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How to Weed Your Home Garden: 6 Weeding Tips

Written by MasterClass

Last updated: Jul 17, 2020 • 3 min read

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Ron Finley Teaches Gardening

When you begin planting the garden of your dreams, you will need to take the necessary steps to protect it. Properly weeding your flower or vegetable gardens is necessary to preserve your thriving vegetation.

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Ron Finley Teaches GardeningRon Finley Teaches Gardening

Community activist and self-taught gardener Ron Finley shows you how to garden in any space, nurture your plants, and grow your own food.

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Why Is Weeding Important?

Weeding is important because it eliminates competition for resources to your growing plants. Removing weeds frees up space for your other plants to grow, and loosens the soil so that more water, sunlight, and wind can reach their healthy roots.

Wind can help reduce humidity and soil moisture—overly moist or poorly draining soil can sometimes become a breeding ground for pests and diseases. Aside from the plant health benefits, weeding your garden improves its appearance. If you’re growing crops in a carefully cultivated garden bed, these wild, unwanted plants can make it look messy and unkempt.

How to Weed Your Garden

To maintain a healthy and flourishing garden, try some of the weeding methods below:

  1. Mulch your soil. The best way to get rid of weeds is to prevent them from growing in the first place. Planting crops closer together, using cover crops, and mulching are all effective ways to keep your garden weed-free. Mulch is a layer of material you place on top of the soil in your garden. Organic mulches, like wood chips, bark mulch, grass clippings, pine needles, leaves, peat moss, and sawdust, are the most common types of mulch used in gardening. Inorganic mulches include plastic mulch, synthetic rubber mulch, gravel, and pebbles. In addition to helping control your soil temperature and structure, you can use mulch to smother weeds and make it difficult for the seeds to start germinating. Certain organic mulch may introduce beneficial soil creatures who feed on weed seeds.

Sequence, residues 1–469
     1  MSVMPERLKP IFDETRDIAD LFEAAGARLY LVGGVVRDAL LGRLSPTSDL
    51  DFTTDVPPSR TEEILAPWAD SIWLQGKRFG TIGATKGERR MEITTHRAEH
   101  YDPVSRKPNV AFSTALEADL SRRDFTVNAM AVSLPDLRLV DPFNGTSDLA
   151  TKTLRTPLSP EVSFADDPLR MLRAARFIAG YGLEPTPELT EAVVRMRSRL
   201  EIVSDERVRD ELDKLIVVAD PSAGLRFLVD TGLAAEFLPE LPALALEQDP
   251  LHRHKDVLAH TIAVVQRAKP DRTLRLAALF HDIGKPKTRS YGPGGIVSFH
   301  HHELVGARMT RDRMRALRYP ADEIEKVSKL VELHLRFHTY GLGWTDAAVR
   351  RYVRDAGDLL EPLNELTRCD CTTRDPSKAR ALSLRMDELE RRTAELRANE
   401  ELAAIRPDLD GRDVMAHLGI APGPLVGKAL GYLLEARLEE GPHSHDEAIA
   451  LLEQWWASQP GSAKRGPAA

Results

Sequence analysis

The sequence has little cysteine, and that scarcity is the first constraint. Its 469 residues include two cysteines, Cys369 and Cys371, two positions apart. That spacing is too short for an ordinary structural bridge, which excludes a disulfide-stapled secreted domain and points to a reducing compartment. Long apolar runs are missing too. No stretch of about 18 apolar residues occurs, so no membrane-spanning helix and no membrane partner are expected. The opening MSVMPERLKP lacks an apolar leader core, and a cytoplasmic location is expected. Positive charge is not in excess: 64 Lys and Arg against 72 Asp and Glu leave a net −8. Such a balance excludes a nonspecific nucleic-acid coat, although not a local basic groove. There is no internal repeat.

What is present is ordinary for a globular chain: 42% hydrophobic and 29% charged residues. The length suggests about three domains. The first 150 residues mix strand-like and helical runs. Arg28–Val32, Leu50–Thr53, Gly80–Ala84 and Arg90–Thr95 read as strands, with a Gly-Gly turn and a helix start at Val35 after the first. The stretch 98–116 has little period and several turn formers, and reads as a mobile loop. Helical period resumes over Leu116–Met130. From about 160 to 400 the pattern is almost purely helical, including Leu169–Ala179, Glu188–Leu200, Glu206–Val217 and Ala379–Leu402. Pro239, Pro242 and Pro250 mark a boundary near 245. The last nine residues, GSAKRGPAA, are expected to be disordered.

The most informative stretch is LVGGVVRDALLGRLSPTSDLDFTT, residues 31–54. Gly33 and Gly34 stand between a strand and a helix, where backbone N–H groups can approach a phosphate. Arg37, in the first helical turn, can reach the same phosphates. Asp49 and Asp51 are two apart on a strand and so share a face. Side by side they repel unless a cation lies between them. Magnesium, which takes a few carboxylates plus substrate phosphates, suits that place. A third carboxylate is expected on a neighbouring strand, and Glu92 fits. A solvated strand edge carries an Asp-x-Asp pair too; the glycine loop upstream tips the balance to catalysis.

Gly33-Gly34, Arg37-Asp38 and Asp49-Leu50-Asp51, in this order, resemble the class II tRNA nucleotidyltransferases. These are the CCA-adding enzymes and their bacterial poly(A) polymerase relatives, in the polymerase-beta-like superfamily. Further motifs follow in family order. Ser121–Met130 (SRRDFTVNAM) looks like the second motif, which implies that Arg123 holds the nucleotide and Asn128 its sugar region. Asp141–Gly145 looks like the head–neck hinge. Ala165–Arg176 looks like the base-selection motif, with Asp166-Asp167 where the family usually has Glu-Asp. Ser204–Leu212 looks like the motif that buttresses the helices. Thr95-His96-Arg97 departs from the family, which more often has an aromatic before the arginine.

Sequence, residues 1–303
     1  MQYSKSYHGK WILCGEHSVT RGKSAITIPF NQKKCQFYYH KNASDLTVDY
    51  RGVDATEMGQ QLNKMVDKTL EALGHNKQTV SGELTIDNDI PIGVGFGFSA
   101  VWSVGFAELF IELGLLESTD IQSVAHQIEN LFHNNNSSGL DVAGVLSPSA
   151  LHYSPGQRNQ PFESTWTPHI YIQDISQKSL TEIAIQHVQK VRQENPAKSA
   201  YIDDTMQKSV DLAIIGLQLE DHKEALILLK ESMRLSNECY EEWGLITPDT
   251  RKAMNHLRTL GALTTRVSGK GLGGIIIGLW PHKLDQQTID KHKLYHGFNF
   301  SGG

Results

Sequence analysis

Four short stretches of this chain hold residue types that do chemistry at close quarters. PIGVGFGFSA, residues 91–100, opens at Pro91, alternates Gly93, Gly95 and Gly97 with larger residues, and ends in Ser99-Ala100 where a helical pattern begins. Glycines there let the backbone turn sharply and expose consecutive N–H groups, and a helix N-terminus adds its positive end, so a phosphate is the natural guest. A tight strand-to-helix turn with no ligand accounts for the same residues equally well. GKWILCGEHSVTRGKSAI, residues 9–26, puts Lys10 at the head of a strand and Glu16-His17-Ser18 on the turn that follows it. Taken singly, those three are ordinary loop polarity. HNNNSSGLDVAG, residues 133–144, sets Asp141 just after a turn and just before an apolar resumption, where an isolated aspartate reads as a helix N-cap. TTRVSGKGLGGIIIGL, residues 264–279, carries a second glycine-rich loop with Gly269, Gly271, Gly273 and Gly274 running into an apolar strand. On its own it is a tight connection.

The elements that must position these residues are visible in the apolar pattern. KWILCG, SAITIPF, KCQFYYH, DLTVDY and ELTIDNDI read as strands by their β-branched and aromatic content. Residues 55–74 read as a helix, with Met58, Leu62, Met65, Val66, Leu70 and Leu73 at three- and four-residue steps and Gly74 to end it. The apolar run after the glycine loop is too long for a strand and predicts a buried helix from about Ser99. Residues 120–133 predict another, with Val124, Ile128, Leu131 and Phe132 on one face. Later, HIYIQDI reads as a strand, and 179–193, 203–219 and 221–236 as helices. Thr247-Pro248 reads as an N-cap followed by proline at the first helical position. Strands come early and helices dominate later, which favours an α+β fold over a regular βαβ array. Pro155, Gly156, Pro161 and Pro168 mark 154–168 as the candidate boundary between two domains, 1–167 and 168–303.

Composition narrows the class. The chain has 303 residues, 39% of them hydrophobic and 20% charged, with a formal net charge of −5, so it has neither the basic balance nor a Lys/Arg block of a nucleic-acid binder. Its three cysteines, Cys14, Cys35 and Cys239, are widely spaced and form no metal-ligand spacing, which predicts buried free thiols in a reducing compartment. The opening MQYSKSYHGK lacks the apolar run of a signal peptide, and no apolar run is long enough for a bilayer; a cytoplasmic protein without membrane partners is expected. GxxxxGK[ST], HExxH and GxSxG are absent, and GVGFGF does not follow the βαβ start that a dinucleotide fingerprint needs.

2. Use drip irrigation. A drip irrigation system can supply water directly into the soil for a specific crop, rather than watering the surrounding areas where weeds may grow. While it is a more expensive method, drip irrigation is effective for weed control, and can also help gardeners save water over time (as well as spend less time on weed maintenance).
  3. Pull weeds when wet. Moist weeds are easier to rip from the soil, so wait until after it rains, after you water, or after the morning dew has set to start weeding. You can also weed when the soil is dry, but you’ll have to put in extra work to loosen the soil.
  4. Use the right tools. Gardening tools come in all shapes and sizes, but not all of them will work for every plant. A short-handled tool like a farmer’s knife or trowel can help you get close to the ground and pull up dandelions with ease, while long-handled weeders can be easier on the knees, and cover more ground (which is better if you have an abundance of weed growth). Keep your tools clean and free from contaminants.
  5. Remove the whole weed. After you loosen the soil around the weeds, you’ll need to grab as much of the weed’s root system as possible or else it will grow back. Using either your hands or tools, make sure you pull up any long, deep taproots it may have. Pull weeds straight up, rather than at an angle, to avoid disturbing too much topsoil.
  6. Lop off the heads. Some weeds may be in a tricky location, or you may risk damaging a nearby healthy plant if you rip them from the soil. Deadheading perennial weeds keeps them from going to seed and replanting themselves, resulting in fewer weeds and maintenance care.
Ron Finley Teaches Gardening
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Grow your own food with Ron Finley, the self-described "Gangster Gardener." Get the MasterClass All-Access Pass and learn how to cultivate fresh herbs and vegetables, keep your house plants alive, and use compost to make your community - and the world - a better place.

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